Plumbing Concerns for Your Older Home

D & F Plumbing reveals plumbing concerns older homes in Portland OR and Vancouver WA could have.

D & F Plumbing reveals plumbing concerns older homes in Portland OR and Vancouver WA could have.

Older homes are definitely sought after for their character and charm, however maintaining them can come with challenges, especially when it comes to the home’s plumbing. In this article, we will further discuss the common plumbing concerns found in older homes.

Outdated Pipe Materials

Many old homes were equipped with pipes made from materials that are no longer approved by US building codes including:

  • Lead: Lead is one of the oldest metals used in piping. Although the US restricted the use of lead in the 1920s, it wasn’t banned by congress until 1986. It poses health hazards.
  • Galvanized: This type of piping was used before the 1960s. It’s made from iron and covered with a layer of zinc which can erode over time, becoming susceptible to rust.
  • Polybutylene: Many homes constructed between the late ‘70s and early ‘90s had polybutylene pipes installed because of their affordability and ease of installation, however they were found to fail after some time. The material poses a health risk and must be replaced.

Problems with Copper Piping

If your home was built before the banning of lead, any remaining copper piping may have been fitted with lead-based solders. You’ll need to have your water tested if that’s the case. Also, copper pipes are notorious for being stolen because of their resale value. So you must make sure the piping system is complete.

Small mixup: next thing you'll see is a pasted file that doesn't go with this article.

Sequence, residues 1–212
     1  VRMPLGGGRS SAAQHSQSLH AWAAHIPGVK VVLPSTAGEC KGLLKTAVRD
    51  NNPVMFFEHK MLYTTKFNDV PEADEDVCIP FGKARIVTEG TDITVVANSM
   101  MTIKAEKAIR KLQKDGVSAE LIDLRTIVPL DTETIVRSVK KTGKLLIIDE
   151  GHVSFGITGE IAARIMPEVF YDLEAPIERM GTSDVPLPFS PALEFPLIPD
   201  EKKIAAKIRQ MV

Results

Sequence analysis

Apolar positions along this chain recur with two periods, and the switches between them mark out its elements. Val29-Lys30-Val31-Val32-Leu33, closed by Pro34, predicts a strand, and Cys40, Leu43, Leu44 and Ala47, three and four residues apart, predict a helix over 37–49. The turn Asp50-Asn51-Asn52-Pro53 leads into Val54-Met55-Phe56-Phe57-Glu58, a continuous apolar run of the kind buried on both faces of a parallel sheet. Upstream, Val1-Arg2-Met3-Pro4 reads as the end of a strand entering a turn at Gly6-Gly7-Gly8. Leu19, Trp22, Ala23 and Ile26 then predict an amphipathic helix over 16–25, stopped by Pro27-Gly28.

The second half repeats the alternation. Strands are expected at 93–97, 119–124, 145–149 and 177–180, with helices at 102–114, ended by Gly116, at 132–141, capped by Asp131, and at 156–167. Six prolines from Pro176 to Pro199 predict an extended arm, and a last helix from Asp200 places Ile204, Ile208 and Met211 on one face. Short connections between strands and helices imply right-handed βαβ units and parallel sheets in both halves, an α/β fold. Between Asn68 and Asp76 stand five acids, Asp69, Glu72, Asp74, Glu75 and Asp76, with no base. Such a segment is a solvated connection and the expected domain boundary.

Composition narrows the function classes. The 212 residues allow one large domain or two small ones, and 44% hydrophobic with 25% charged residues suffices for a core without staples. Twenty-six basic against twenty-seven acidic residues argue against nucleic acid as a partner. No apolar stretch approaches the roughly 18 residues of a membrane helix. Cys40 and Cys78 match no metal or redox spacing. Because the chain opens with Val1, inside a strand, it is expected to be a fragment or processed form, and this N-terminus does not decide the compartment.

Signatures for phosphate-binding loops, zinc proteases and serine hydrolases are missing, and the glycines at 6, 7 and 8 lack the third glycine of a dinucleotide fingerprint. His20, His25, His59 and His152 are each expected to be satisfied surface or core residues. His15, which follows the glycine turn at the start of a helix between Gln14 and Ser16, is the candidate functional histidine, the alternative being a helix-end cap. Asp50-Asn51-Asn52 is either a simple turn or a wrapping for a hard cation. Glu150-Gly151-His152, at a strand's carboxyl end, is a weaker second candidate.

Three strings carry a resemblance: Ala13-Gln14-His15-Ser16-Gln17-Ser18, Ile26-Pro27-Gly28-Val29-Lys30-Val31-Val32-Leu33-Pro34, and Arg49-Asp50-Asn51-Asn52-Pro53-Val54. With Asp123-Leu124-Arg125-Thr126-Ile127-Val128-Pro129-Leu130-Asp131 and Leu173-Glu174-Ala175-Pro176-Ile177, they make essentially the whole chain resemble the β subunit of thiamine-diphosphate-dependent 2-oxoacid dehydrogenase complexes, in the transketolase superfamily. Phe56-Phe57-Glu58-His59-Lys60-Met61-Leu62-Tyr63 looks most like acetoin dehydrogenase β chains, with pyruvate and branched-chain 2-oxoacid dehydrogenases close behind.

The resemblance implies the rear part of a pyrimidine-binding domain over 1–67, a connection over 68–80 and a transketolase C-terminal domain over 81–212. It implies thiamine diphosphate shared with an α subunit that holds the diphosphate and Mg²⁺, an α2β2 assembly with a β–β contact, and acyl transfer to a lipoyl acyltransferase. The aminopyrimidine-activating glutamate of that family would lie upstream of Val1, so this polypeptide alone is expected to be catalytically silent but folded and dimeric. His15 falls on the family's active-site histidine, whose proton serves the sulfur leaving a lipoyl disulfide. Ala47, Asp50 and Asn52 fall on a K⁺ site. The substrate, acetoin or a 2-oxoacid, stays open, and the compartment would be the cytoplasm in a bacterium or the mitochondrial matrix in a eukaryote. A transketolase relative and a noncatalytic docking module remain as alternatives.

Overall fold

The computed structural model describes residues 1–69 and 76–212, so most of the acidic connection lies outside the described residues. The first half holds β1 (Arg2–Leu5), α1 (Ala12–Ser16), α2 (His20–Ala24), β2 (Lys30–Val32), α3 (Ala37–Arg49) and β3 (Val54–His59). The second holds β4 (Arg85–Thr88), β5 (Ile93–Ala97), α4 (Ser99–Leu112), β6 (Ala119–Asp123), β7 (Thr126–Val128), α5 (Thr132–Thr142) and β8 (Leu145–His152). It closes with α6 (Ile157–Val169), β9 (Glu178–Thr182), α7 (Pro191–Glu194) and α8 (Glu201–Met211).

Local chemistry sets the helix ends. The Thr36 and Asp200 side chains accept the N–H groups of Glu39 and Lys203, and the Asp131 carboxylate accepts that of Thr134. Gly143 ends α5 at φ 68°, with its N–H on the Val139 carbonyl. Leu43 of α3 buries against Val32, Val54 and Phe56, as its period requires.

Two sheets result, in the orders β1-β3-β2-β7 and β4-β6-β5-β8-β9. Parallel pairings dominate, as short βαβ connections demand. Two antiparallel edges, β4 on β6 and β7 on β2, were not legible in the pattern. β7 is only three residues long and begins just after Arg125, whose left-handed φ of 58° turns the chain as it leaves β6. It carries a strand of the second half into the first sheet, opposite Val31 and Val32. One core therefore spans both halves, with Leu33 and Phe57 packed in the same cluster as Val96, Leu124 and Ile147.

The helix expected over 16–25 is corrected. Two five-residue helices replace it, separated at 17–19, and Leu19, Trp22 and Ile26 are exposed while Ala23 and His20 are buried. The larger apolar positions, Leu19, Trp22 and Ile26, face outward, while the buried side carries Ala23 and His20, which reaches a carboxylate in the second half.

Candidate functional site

Water Pressure Issues

Pipe erosion, particularly from zinc, can cause your pipes to close up and become less effective over time. This could make showering and washing dishes a hassle, and cause the tank on your toilet to take longer to refill.

Pipe Belly Formation

Pipe bellies are a bend in the pipes that occur from house settling. This can cause water not to flow properly through the pipes and create blockages.

Failing Sewer Lines

Older homes are more likely to have sewer line problems due to the Earth’s shifting or from being damaged by tree roots.

Mold and Mildew Issues

Over time, leaky pipes can create serious water damage, particularly in basements and bathrooms. Mold and mildew are concerning because they can cause severe structural damage to a home and create health problems for those living in the home.

Weird Plumbing System

Many old homes have been re-purposed and changed throughout the years, leaving them with strangely configured plumbing systems. Oftentimes older homes have been found to have botched repair jobs and installations as well. These issues can make it difficult for your plumber to find the exact cause of a current problem.

If you’re thinking of buying a fixer upper, contact D & F Plumbing, we’d be happy to complete a comprehensive plumbing inspection for you. We also use we use video inspection to diagnose any sewer line issues. 

Common Reasons for Low Water Pressure

Low water pressure can be frustrating, especially when it happens slowly over time. If you’ve been noticing that your water flow is slower than it used to be, or if you’ve noticed a drastic difference in water pressure, take a look at common reasons for low water pressure.

Do you have faulty fixtures?